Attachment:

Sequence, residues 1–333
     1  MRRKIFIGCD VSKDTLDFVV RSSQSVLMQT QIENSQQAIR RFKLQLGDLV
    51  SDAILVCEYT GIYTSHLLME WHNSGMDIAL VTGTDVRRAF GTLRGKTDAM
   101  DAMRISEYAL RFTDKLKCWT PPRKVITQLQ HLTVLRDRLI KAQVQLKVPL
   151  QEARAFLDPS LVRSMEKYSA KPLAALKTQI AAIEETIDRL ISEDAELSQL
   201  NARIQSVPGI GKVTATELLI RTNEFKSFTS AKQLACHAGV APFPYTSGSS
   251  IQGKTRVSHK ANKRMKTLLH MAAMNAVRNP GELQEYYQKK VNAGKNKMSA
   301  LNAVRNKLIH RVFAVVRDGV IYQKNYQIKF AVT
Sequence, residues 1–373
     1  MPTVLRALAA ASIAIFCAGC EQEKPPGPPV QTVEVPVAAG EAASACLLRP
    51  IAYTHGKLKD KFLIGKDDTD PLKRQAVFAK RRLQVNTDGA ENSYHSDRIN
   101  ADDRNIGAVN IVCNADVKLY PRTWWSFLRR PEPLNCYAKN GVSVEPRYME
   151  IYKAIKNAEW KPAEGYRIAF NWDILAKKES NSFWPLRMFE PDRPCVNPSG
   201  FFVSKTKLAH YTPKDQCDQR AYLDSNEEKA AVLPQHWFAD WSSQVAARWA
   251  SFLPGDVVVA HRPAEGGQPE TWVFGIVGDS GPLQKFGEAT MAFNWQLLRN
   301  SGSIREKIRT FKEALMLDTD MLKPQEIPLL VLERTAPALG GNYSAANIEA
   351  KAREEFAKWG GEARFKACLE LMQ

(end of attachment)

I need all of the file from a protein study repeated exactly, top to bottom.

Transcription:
Sequence, residues 1–333
     1  MRRKIFIGCD VSKDTLDFVV RSSQSVLMQT QIENSQQAIR RFKLQLGDLV
    51  SDAILVCEYT GIYTSHLLME WHNSGMDIAL VTGTDVRRAF GTLRGKTDAM
   101  DAMRISEYAL RFTDKLKCWT PPRKVITQLQ HLTVLRDRLI KAQVQLKVPL
   151  QEARAFLDPS LVRSMEKYSA KPLAALKTQI AAIEETIDRL ISEDAELSQL
   201  NARIQSVPGI GKVTATELLI RTNEFKSFTS AKQLACHAGV APFPYTSGSS
   251  IQGKTRVSHK ANKRMKTLLH MAAMNAVRNP GELQEYYQKK VNAGKNKMSA
   301  LNAVRNKLIH RVFAVVRDGV IYQKNYQIKF AVT
Sequence, residues 1–373
     1  MPTVLRALAA ASIAIFCAGC EQEKPPGPPV QTVEVPVAAG EAASACLLRP
    51  IAYTHGKLKD KFLIGKDDTD PLKRQAVFAK RRLQVNTDGA ENSYHSDRIN
   101  ADDRNIGAVN IVCNADVKLY PRTWWSFLRR PEPLNCYAKN GVSVEPRYME
   151  IYKAIKNAEW KPAEGYRIAF NWDILAKKES NSFWPLRMFE PDRPCVNPSG
   201  FFVSKTKLAH YTPKDQCDQR AYLDSNEEKA AVLPQHWFAD WSSQVAARWA
   251  SFLPGDVVVA HRPAEGGQPE TWVFGIVGDS GPLQKFGEAT MAFNWQLLRN
   301  SGSIREKIRT FKEALMLDTD MLKPQEIPLL VLERTAPALG GNYSAANIEA
   351  KAREEFAKWG GEARFKACLE LMQ